But more than that, more than anything, he loved spending time with his lady. His jaina, his ruca, his amor. Jennifer was by far the best thing that ever happened to him. Just when he questioned if there even was a God, God sent her into his life like a gift with a bow on top. They’d
met when they were just thirteen in Clark Middle School. And it was like meeting a long-lost friend. It was surreal. It was as if they’d known each other forever.
Dio remembered that day. It wasn’t any more special than any other day he’d had in middle school. It was a typical day from hell for a seventh grader.
“You’re not too bright, are you, kid?” asked his language arts teacher, Mr. O’Donnell. Young Dio sank in his desk as the class laughed in his face. He only wanted to ask a question. He didn’t know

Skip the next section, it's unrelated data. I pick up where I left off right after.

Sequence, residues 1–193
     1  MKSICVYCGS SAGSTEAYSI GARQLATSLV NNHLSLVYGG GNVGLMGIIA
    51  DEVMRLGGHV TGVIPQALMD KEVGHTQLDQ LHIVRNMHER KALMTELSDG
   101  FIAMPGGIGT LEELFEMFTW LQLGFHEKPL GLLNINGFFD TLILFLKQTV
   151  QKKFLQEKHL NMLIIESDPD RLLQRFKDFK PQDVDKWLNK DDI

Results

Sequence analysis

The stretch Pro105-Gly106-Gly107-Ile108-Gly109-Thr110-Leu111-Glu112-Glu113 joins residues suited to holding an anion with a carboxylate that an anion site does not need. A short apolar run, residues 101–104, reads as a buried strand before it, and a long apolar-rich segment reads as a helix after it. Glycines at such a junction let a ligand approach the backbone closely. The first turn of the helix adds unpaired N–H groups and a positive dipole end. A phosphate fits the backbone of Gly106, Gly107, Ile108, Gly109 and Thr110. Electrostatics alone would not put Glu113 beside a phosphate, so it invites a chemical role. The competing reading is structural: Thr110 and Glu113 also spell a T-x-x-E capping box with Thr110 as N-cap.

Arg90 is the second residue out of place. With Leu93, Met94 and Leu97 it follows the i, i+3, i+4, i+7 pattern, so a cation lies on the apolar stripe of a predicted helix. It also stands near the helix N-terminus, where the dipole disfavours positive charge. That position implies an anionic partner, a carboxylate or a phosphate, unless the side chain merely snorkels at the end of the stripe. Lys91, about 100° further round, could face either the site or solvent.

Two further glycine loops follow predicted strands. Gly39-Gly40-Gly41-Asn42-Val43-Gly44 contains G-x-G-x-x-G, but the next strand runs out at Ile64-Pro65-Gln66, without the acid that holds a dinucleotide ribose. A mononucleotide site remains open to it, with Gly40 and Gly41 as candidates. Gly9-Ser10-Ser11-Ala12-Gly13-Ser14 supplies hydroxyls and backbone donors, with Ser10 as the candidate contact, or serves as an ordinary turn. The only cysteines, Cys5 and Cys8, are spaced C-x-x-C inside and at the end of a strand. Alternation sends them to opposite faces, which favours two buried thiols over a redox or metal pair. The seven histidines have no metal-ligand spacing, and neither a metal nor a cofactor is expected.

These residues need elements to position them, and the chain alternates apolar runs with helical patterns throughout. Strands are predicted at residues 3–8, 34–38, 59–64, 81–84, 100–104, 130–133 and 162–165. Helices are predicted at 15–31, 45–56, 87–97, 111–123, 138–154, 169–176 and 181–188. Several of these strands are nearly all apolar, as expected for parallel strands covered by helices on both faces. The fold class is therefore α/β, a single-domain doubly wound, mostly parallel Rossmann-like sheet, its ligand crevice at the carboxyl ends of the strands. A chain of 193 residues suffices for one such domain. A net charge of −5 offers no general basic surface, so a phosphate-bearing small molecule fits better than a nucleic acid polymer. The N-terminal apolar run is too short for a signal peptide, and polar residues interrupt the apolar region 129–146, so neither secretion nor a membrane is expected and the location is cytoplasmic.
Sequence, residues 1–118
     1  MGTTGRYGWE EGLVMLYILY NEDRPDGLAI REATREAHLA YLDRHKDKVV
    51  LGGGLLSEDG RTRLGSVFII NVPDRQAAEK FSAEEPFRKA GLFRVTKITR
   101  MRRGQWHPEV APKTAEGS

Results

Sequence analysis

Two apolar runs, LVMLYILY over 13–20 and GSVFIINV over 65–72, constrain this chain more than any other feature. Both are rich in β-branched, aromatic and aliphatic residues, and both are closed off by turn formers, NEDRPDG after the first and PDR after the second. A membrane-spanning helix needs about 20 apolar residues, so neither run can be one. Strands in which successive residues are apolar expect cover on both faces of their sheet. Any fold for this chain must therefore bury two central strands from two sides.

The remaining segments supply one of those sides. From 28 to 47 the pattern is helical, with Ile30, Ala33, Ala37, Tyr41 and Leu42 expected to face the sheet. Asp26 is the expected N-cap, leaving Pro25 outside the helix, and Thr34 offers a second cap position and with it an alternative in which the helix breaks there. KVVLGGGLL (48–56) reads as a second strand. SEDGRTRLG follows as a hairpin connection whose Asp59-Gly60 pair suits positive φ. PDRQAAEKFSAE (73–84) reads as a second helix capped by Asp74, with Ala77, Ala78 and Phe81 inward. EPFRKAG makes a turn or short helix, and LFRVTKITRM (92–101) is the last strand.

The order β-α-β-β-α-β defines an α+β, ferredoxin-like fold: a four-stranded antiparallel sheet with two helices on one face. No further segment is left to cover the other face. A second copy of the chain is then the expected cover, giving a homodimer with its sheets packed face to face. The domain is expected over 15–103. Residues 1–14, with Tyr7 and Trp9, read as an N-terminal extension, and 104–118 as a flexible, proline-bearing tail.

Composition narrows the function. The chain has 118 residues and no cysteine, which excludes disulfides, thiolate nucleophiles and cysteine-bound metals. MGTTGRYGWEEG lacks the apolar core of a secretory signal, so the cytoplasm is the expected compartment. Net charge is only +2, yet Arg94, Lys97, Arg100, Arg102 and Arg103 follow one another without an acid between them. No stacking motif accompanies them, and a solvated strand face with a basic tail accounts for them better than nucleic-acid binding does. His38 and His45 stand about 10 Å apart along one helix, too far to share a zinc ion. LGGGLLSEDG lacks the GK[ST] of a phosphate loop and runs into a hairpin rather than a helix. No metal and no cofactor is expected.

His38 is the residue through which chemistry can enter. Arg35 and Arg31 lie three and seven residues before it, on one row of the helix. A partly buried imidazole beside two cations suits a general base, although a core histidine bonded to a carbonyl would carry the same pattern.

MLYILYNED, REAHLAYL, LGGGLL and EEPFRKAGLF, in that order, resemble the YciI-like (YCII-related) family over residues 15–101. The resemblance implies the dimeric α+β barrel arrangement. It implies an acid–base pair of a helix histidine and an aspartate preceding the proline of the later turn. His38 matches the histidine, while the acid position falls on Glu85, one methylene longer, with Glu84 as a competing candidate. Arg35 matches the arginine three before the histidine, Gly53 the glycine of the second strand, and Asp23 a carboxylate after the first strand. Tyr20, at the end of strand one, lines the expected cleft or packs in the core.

what a pioneer was. He’d missed so much of class and he wanted to catch up. He didn’t think it was such a stupid question.
“Haven’t you been paying attention? We spent the last three weeks doing nothing but talking about the Oregon Trail and you’re just now asking what a pioneer is? Should we send you to ESL or something?”
The class roared with laughter. Sure they’d think that was funny. He was practically the only Mexican in the class, except for this skinny, nerdy little girl everyone called Pancake because of her flat chest, but he knew her name was Jennifer. She was the only one who didn’t laugh. Nobody else had to put up with the snide, undermining, racist remarks from everyone every day.
Dio was burning up inside. His eyes squinted and his nose flared. What happened next he didn’t quite remember, but when he came to, Mr. O’Donnell was on the floor holding his bloody nose. The next thing Dio knew, he was in the principal’s office being screamed at. Dio waited for his mother to come and get him.